Swimmer's ear is an infection of the ear canal. Doctors call it external otitis.
Symptoms of swimmer's ear include:
- Itching of the ear canal
- Redness of the skin of the outer ear or ear canal
- Drainage from the ear canal (often yellow, green or possibly cheesy)
- Pain when touching the ear or moving the jaw while chewing or talking
- Decreased hearing from debris that clogs the ear canal
Swimmer's ear can be caused by bacteria or fungi. It is called swimmer's ear because it is associated with frequent swimming. Long and frequent exposure to water makes the skin of the ear canal more susceptible to infection. Warm and humid conditions can do the same thing. That's why swimmer's ear is most common in the summer.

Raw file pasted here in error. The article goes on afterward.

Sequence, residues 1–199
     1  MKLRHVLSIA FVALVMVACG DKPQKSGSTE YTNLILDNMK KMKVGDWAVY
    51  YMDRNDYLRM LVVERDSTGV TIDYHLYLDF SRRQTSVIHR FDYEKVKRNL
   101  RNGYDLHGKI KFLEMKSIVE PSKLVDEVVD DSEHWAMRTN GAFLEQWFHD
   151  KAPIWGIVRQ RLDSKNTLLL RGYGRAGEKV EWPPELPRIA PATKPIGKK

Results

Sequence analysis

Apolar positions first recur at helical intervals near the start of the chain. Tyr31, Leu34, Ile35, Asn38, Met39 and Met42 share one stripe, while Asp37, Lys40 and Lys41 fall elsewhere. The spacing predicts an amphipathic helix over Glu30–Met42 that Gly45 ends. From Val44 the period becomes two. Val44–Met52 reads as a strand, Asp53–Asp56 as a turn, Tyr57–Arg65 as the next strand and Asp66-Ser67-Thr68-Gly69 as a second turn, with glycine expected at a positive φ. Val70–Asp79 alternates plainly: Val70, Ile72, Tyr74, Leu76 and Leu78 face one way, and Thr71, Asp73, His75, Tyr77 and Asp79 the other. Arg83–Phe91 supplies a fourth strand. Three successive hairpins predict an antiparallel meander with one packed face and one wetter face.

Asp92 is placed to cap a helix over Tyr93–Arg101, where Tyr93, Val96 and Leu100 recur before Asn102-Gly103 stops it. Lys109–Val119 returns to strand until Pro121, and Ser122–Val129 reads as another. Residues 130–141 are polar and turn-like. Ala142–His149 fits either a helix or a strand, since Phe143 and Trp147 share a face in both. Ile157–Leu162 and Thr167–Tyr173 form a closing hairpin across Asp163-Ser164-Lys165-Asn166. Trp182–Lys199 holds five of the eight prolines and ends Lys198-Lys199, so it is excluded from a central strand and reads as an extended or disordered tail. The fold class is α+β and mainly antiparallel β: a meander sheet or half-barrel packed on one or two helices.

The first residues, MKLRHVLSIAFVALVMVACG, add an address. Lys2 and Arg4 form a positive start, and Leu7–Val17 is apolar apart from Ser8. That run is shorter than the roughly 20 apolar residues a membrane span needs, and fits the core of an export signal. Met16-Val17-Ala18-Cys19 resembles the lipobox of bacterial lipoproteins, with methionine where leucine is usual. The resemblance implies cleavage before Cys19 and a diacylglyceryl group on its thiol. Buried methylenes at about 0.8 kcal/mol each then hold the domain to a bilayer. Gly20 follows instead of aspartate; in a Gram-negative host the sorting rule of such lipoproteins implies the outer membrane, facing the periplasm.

Sometimes swimmer's ear can be treated by clearing the ear canal of debris and keeping it dry. However, doctors usually prescribe ear drops to promote quicker healing. The most commonly used drops combine medications to fight the infection and calm the inflammation. Many products combine an antibiotic with hydrocortisone. There are all equally effective.
Drops are placed in the ear canal three or four times per day for about five days.